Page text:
The Inside Scoop on Paris’ Most Iconic Monument
When you hear someone say "Paris" what are the first things that comes to mind?
Wine? Baguettes? French? The Seine? The Louvre? Romance? Haussmann-style buildings?
And let's not forget the Eiffel Tower!
Welcoming almost 7 million visitors a year, the most visited paid-for monument in the world, the Eiffel Tower has been standing tall and strong since being completed in 1889. Acting as the world's tallest man-made structure for 41 years, this incredibly beautiful masterpiece of iron and lace has a long history. Here are some unique facts about this breathtaking tower one simply cannot miss visiting once in their life!
Gustave Eiffel, the creator of the Eiffel Tower, is the man who also designed the metal framework of the famous Statue of Liberty.
The tower was lit by gaslights until 1909. Now, the tower has 280 headlamps giving it the golden color, and sparkles with 20,000 light bulbs every hour.
The Eiffel Tower was built to serve as the entrance to the World’s Fair in 1889 and to celebrate the 100th anniversary of the French Republic.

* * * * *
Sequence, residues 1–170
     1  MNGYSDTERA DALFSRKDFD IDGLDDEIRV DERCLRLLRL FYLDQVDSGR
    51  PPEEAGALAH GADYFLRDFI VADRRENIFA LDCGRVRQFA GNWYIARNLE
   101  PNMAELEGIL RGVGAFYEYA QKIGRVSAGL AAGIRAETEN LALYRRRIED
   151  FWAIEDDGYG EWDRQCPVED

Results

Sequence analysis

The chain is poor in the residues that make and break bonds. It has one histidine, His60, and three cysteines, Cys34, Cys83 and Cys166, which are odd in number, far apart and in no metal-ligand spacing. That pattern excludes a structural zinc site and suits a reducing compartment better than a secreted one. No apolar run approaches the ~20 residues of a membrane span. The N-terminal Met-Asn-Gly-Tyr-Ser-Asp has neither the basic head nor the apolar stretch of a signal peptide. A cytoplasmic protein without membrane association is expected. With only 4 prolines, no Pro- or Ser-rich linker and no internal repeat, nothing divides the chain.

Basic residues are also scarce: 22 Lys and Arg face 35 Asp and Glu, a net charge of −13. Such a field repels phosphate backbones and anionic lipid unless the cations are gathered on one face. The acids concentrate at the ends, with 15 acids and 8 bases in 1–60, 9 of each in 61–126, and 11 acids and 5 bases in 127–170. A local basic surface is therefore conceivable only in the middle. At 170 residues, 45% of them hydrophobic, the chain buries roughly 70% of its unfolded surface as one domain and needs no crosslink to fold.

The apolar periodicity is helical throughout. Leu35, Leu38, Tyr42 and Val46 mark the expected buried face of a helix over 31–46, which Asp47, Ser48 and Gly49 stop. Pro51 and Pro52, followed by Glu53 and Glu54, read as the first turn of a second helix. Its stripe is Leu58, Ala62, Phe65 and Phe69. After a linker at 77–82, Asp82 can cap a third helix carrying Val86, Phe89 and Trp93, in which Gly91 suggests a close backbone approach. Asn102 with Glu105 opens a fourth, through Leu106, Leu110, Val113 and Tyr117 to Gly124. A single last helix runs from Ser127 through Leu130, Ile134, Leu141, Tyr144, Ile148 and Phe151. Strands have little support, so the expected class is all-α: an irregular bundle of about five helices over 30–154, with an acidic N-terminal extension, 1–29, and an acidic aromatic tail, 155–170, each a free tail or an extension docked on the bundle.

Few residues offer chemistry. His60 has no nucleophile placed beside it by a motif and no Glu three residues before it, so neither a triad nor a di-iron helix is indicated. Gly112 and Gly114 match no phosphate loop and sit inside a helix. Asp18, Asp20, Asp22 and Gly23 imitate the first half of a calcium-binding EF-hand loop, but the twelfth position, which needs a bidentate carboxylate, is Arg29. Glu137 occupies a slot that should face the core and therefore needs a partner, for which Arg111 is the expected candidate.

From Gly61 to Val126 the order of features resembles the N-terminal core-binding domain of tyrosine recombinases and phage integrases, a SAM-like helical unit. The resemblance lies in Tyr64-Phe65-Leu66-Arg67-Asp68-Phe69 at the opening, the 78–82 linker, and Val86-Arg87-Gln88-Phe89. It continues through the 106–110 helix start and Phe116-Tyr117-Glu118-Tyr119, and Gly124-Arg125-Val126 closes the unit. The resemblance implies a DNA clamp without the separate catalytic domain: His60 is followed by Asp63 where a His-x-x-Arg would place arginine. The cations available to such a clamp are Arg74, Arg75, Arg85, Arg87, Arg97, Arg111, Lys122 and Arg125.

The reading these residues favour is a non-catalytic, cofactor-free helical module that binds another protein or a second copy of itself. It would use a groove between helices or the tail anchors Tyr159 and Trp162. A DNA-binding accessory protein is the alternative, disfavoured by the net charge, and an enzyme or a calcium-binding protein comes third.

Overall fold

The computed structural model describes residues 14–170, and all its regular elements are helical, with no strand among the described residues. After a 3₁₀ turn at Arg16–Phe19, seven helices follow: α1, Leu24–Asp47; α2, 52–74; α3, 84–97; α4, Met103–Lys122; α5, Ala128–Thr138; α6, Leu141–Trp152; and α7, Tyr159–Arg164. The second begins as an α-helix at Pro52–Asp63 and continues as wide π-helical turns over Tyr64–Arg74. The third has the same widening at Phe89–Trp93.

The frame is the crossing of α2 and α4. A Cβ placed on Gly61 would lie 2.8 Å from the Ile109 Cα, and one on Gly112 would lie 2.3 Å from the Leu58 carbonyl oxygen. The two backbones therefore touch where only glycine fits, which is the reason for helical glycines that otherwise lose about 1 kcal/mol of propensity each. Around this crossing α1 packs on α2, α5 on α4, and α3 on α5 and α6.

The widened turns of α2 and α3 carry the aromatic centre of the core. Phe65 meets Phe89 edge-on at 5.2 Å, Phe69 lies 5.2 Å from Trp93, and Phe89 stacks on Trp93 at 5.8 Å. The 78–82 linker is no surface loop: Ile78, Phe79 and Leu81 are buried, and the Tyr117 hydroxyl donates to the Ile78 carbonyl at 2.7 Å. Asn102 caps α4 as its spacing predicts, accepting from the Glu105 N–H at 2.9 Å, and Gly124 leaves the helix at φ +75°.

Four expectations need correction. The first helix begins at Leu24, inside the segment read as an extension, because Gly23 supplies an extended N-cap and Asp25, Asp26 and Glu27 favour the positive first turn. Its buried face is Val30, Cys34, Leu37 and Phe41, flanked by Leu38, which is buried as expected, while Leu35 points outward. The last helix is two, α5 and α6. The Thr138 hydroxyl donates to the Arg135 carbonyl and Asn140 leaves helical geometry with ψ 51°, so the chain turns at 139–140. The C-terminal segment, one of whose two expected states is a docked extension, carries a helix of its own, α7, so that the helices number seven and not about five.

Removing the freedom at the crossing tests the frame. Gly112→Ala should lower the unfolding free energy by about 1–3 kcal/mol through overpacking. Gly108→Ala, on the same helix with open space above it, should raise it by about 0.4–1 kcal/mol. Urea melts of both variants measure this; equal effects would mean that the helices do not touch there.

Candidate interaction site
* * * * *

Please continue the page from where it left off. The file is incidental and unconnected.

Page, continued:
In 1944, Hitler ordered the military governor of Paris to destroy the tower, he refused. In addition, during the German occupation, the tower was closed to the public and Nazis attempted to attach a large swastika to the top, but it blew away.
Technically, it is actually illegal to capture photos of the Eiffel Tower at night and sell them, as the light display is still protected under copyright law. The light display designed by Pierre Bideau, didn’t begin until 1983. So considering the light display a piece of art, it will continue to be protected for an additional 70 years after his death, which won't be for quite some time.
From 1925 to 1934 the Eiffel Tower was used by car manufacturer Citroen as a giant billboard, it was recorded as the biggest advertisement in the world by Guinness Book of Records.
On windy days, the tower sways about 6 to 7 centimetres (2 to 3 inches) and during cold weather, the tower shrinks about 6 inches. Overall, the height varies about 15 centimetres (5.9 inches).
In one year, the lifts travel a combined distance of 103,000 km, which is equivalent to two and a half times the circumference of the Earth.
Have you joined the millions of people who have climbed the hundreds of stairs to the top? If you plan on doing this soon, we suggest booking your tickets in advance to avoid waiting in line!